The GOP primary will be held on Aug. 24.

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  17. I WOULD LIKE TO SEE THAT NO TAXPAYERS MONEY IS GIVEN FOR CAMPAIGNING PERIOD… aLL CAMPAIGN MONEY SHOULD COME FROM DONAATIONS AND THERE SHOULD BE A CAP ON HOW MUCH THEY MAY TOTALY ACCEPT.

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  18. Reply to Sandy:

    Take your blinders off my dear, Jeb, the FOP, Firefighters, etc, all like McCollum because he can be bought and sold to the highest bidder. Scott has all these clowns who have contributed to the wrecking of our state’s and nation’s political system on the run.

    And my dear sweet Sandy, if I am so inconsequential, why do you keep posting here?

    Me thinks I have hit a nerve…

    Good day!

    Chris Ingram

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  19. Wow, Sandy G. has a lot of admirable spunk, so let’s keep things in perspective so we don’t lose that kind of passion as we go into the fall. Most GOPers I talk to agree that McCollum is not a bad guy, and neither is Rick Scott. McCollum has been a dutiful, right-of-center public servant since the first Indiana Jones movie. In an average year, McCollum would be a shoo-in. But this ain’t no average year and Rick Scott is simply taking advantage of the voters demand for outsiders over establishment politicians. And Rick Scott is no criminal. He ran a huge corporation that dealt with an even bigger federal bureaucracy and they screwed up on billing. Can anyone honestly say that they can’t see how blling and insurance mistakes can’t be made when dealing with the federal government? And it just so happens that the Clinton Justice Department suddenly found this over-billing mistake after 10 years and decided to make it an issue after Mr. Scott came out against Hillary’s Health Care take over. But mistakes were made, fines were levied, and Scott had to step down. Done and done. What counts now is who is running a better campaign for Governor. Jamie Miller did an excellent job of pointing out the obvious flaws in McCollum’s campaign and those deficiencies are reflected in the polling and will probably be even more poignant come August 24th. There will be plenty of time after the primary for a post-mortem of the ill-fated McCollum campaign. I hope for the sake of the people of Florida that there will be time for healing, so passionate Americans like the Sandy G.’s of the world can see there way clear to making sure that the handsome, closet-leftist Alex Sink is not our next Governor.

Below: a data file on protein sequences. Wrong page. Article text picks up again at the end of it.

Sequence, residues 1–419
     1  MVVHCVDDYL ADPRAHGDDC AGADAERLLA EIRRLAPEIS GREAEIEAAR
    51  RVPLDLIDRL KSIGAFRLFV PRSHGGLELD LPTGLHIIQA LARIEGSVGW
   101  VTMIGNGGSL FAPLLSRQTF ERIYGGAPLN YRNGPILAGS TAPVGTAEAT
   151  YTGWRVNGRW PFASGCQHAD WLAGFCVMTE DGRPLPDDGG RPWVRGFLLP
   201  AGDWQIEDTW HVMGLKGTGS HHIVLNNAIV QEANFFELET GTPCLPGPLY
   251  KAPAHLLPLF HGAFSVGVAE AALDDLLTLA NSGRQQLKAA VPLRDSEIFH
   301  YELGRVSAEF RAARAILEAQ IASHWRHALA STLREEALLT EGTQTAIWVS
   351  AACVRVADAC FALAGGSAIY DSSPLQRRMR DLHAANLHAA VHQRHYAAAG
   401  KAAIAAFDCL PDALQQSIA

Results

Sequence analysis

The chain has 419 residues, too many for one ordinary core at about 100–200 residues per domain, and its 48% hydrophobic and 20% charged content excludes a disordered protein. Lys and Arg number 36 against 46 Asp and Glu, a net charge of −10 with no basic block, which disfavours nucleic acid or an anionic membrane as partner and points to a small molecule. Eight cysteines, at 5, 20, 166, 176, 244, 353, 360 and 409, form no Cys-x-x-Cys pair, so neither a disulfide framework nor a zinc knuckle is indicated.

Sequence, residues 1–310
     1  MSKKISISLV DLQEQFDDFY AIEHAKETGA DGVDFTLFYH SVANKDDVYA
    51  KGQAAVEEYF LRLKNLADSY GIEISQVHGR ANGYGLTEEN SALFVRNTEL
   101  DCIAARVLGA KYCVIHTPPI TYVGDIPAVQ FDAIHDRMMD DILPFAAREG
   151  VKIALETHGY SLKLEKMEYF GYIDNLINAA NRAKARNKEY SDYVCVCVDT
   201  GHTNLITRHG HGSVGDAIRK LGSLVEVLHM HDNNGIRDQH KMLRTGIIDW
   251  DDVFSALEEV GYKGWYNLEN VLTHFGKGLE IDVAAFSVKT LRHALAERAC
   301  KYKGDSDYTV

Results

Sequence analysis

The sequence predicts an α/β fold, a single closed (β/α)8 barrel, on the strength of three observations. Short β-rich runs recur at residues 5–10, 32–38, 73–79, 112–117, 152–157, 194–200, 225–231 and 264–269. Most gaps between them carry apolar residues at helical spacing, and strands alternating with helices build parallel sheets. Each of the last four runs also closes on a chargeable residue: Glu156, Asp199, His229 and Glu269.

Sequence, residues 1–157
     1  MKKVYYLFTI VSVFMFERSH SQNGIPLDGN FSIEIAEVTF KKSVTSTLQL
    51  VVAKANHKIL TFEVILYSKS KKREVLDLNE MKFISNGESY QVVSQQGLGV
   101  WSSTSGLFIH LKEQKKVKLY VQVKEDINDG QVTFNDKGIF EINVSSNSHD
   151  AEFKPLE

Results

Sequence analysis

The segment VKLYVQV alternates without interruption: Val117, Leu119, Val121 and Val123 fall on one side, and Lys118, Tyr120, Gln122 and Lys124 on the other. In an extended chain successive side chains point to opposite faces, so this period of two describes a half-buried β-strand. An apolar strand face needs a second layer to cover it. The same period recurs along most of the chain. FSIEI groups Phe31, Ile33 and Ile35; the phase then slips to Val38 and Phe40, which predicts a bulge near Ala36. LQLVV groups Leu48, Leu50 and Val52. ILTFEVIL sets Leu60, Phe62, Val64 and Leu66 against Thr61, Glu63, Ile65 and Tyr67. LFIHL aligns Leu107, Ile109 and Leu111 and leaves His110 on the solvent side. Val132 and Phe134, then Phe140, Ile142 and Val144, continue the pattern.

Johnny Highroad

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  20. Anonymous please…you will have a hard time explaining the 10 year discrepancy and the Clinton Justice Department and over billing mistakes and blah, blah, blah between September and the first of November. Sink wins.